Actor Ben Stiller got into an online squabble with Fox News senior meteorologist Janice Dean over the weekend. But unlike most political Twitter fights, this one ended amicably.
Dean was doing what she does best, calling out Gov. Andrew Cuomo (D) for his COVID hypocrisy. Dean, who lost both of her in-laws in New York nursing homes, has every right to be fuming at the governor for his failed leadership during the pandemic. It was his decision to allow recovering COVID patients back into nursing homes that she believes killed her husband's parents.
And yet, as New Yorkers continue to struggle with their health and with their finances, Cuomo made another oblivious decision, holding a birthday fundraiser that featured celebrities like Henry Winkler, Robert DeNiro, Whoopi Goldberg, and Ben Stiller.
"Restaurants closing, kids out of school, families losing loved ones and livelihoods but @NYGovCuomo is going to celebrate his birthday with his celebrity friends and raise thousands of dollars for himself," Dean sounded off on Twitter.
PS for all of you defenders saying “but but it’s virtual!” the point was NOT about the event itself. It’s that @NYGovCuomo continues to raise money for himself while others are struggling to provide for their families.— Janice Dean (@JaniceDean) December 12, 2020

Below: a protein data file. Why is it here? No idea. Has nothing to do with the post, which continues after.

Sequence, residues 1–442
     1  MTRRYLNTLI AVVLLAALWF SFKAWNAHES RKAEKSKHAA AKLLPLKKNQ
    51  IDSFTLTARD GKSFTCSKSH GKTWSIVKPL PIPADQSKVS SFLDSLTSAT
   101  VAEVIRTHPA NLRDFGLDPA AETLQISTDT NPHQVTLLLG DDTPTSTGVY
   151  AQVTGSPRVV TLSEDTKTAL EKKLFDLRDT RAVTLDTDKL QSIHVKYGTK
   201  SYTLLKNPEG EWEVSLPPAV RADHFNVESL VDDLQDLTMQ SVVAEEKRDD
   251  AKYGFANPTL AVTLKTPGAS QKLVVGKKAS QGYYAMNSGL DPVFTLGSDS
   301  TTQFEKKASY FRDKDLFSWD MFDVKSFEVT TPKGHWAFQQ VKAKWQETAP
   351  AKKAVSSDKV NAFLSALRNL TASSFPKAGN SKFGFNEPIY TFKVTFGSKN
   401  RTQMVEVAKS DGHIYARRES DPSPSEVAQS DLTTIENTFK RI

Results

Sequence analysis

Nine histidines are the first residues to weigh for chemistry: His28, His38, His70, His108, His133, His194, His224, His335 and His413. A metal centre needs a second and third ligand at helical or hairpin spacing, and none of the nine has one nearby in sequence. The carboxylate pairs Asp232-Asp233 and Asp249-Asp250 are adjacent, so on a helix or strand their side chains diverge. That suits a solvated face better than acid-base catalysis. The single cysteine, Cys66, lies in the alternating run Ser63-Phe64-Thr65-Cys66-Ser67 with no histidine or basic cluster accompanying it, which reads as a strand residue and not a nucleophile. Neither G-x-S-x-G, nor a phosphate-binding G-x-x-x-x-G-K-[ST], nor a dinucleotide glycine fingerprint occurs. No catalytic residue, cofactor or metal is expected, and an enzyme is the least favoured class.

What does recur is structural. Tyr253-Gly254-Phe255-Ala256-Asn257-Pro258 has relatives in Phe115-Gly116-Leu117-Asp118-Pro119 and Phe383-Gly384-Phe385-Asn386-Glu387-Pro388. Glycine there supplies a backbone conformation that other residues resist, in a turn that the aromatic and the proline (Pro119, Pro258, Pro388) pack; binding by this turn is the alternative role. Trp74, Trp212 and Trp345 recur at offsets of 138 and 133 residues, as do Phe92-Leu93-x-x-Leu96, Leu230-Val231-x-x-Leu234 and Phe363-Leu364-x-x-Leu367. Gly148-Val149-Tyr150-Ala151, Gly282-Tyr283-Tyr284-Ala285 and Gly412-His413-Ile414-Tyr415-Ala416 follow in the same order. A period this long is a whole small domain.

Stiller, who knew nothing of Dean's story, dismissed her and defended the governor.
"Nothing wrong with supporting a politician," Stiller wrote in a now-deleted tweet. "As you know the current president has been soliciting hundreds of millions to overturn the election, not for COVID relief. You wrote a book about spreading sunshine apparently. You don't like the Governor. I do. Don't be divisive. Bye."
Dean quickly brought Stiller up to speed.
"Nothing wrong with criticizing a politician who likes to profit off the deaths of New Yorkers," she responded. "(He wrote a book too about “leadership” during a pandemic) You’re right, I don’t like the governor because his policies help kill my husband's parents. Enjoy your fundraiser."
Having realized what Dean has gone through this year, Stiller took a different approach. He told Dean that he had deleted his original reply, and added on an apology.
"Apologize for being ignorant of your circumstance," he wrote. "I would not have replied to your tweet if I did. I wish you and your family all the best in this very hard time."
"Apology accepted," Dean replied. "I appreciate your reply and the kindness that came with it."
Can we have more of this kindness to close out 2020?